There are many instances in which you want to keep trying something until it is done (or just want to wait until certain conditions are met). This construct provides a way for you to do this.
You can find a link to the playbook and its documentation below.
For now, we'll walk through the app to get an idea of how it works. Here is the full playbook:
The basic flow of this playbook is:
Attempt an http request to the playbook specified by the
link URL query parameter.
If the http request from step 1 works:
Make a request to
If the http request from step 1 does not work (returns 40X error):
count which keeps track of the number of times we have tried to trigger the other playbook
count is less than the
max number of attempts: wait for twenty seconds and make another attempt
count is equal to the
max number of attempts: stop and send a message (by default, a slack message)
So we first make a request to another playbook. The idea is that we have two playbooks, but we don't want to run the second playbook until the first one is successful. So, we'll make a request to the first playbook; if the first playbook fails (and returns some kind of 400 response), we'll increment the counter which keeps track of how many times we have made the request, wait for some time (20 seconds by default), and then try again. You can see this flow below (the inconsequential playbook apps for this process are blurred):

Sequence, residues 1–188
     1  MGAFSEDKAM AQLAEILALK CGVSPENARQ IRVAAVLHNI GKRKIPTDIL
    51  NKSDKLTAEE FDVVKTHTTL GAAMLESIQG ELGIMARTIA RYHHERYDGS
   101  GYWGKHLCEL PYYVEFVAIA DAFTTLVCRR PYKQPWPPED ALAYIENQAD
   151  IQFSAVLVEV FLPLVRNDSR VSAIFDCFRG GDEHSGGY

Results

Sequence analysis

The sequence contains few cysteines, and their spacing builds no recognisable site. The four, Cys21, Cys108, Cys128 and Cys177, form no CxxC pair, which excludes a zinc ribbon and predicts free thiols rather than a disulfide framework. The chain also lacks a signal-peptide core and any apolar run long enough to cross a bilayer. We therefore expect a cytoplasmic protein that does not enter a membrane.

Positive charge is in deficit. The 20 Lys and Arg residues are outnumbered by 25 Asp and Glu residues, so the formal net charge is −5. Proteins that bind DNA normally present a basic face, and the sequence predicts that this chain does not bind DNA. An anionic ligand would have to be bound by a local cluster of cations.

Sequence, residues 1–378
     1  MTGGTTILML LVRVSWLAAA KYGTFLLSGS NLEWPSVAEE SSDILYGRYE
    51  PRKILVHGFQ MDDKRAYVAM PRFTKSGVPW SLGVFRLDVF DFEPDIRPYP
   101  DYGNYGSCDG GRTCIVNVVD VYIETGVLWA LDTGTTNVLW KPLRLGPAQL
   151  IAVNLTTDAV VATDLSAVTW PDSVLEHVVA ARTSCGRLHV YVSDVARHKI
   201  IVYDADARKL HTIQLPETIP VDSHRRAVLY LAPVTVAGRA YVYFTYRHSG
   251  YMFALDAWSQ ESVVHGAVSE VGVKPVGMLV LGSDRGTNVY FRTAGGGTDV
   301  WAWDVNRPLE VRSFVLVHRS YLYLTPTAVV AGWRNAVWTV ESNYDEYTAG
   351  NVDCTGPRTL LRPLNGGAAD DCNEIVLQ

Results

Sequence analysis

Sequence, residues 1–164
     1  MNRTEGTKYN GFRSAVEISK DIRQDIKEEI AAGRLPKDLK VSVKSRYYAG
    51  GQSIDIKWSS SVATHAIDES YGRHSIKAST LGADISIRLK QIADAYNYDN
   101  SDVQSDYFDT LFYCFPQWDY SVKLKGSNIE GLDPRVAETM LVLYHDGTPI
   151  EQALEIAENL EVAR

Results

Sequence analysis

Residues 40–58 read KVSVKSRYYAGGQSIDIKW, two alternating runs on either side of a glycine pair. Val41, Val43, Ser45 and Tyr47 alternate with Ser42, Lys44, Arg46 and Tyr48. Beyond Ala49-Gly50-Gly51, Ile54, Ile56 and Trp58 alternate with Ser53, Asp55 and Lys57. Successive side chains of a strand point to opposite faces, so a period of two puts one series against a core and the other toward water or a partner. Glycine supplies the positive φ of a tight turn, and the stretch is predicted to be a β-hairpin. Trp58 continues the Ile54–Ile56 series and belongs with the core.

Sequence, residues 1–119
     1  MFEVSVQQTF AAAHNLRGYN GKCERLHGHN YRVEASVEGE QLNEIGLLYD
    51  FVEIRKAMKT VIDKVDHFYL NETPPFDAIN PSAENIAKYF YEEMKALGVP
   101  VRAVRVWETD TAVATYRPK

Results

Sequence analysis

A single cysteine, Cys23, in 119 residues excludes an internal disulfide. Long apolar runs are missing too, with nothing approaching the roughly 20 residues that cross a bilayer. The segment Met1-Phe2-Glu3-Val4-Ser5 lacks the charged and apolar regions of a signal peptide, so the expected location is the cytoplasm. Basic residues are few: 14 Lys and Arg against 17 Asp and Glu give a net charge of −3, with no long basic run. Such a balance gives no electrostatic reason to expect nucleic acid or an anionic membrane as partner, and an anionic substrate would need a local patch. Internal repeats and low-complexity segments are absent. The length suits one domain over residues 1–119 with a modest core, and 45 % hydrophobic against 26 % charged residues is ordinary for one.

Eventually, we will want to stop requesting the first playbook and give up (so we don't get stuck making requests for sempiternity). There is a
max value that you send the app to tell it when to give up. If the playbook has tried the maximum number of times, it will fail and send a slack message (you can configure it to send a message in a different medium). This flow looks like:
If we request the first playbook for a bit and then it finally succeeds before the maximum number of requests are made, then a request is made to the playbook at the
finalLink. This flow looks like:
You can find documentation for the playbook to support this construct here.
You can find the actual playbook here.